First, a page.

Ever since we bought our first house, and I started my own garden in January 2010, people have been asking “So, what do you have growing at the moment?”

As a grower of just about anything I can get my hands on, my first reaction was one of complete dumbfoundness (if that’s a word) tinged with a little annoyance – did they really expect me to list everything growing in my yard?? But after the initial shock, I realised that they didn’t actually want a full list, so I would just answer with a list of the most recent vegies that I’d planted and leave it at that, which seemed to satisfy them.

A few years ago, after we’d moved into our current place and I’d set up the vegie patch, and to satisfy my own curiosity, I decided to actually walk around my backyard and write a list of all the different species that I had growing.

I stopped when I got over the 120 mark.

And that was ONLY the backyard, and did NOT including multiples or anything in the vegie patch (which includes a stack of herbs and flowers that I use to attract pollinators and other useful insects).

Diversity is one of the key aspects of permaculture, but it is also a fascination for me, and probably stems from a number of sources. Firstly, on a selfish level, I love having a variety of things to eat, and I love the challenge of learning how to grow all those different types of food plants and how to best process and store any excess harvest, which is then shared with friends and family, or sold through our farm stall. I also have the life goal of being as self-sufficient as possible in food, energy, everything. So the more, the better as far as I’m concerned*. Secondly, on an altruistic level, I’ve always had a great respect for nature and all the creatures that we share our planet with, so I love being able to provide them with food and habitat too. Thirdly, I am adamant that any animals in my care should get the best care possible, and this includes a varied diet, so I grow food specifically for my chooks and bees as well.

By bringing as much diversity as I can into my garden, I’m also providing food and homes for a lot of useful creatures, such as bees and other beneficial insects and lizards. I’m always quite chuffed when I spot a ladybeetle (the useful species, not the 28-spot one; 28-spot ladybeetles get squished), an assassin bug or our resident water dragon – I must be doing something right if I can create a habitat that can support a top-level predator like that, and I’m sure she likes all the pesticide-free snails and grasshoppers :)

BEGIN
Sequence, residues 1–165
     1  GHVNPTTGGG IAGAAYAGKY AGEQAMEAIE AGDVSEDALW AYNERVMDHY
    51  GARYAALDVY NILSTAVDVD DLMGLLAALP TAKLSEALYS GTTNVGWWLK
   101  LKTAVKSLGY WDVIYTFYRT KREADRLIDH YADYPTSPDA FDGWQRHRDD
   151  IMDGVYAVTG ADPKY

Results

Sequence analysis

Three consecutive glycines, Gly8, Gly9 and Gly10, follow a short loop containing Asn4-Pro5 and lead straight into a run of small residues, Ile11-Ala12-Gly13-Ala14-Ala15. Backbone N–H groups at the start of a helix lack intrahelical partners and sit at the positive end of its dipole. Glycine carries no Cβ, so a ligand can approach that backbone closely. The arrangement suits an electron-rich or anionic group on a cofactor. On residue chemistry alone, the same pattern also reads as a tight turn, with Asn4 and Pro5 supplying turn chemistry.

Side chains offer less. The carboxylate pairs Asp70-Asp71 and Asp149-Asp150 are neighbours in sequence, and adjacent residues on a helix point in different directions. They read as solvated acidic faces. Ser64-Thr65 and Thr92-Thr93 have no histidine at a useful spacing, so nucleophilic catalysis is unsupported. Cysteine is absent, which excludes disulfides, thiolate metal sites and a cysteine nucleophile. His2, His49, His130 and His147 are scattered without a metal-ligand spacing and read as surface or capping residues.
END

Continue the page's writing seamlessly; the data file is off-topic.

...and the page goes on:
Then, of course, there is the mental therapy benefits that are gained by just sitting quietly in a diverse garden like this, taking time out and watching a honey bee visit the nasturtiums, or a blue-banded bee (my favourite!) visit the borage (they love blue flowers).

Some of this ‘diversity’ is very easy to achieve: simply have a section of the garden set aside – it doesn’t have to be very large, but for best effect, have it close to the vegie patch or fruit trees to attract beneficial insects and pollinators – and plant some herbs and/or flowers, or scatter a packet of Good Bug Mix, available from Green Harvest. Good Bug Mix contains a mix of seeds for red clover, lucerne, sweet alice (alyssum), dill, caraway, coriander, buckwheat, baby’s breath, Queen Anne’s lace, marigolds, phacelia and cosmos, and is said to attract beneficial insects such as ladybirds, hoverfly, lacewings and tiny wasps to your garden. I’ve recently tried a packet of Wildflower Companions, from Digger’s, but with ‘only’ baby blue flax, cornflower, buckwheat, coriander and dill, it doesn’t have the variety of different flowers/herbs that the Bug Mix does, so I’ve also purchased a packet of Bug Mix to top up what’s already there.

* a word of warning, however: although very rewarding, maintaining a garden with 100+ species/cultivars in it is very high maintenance and quite taxing on the memory (how frequently each plant likes to be watered, how often to fertilise, etc). So if you’re just starting out, start small, and start with just a few things that you know you’ll use, such as herbs, tomatoes, beans, carrots and/or strawberries. You can always expand later, as you have a few successes and gain more confidence.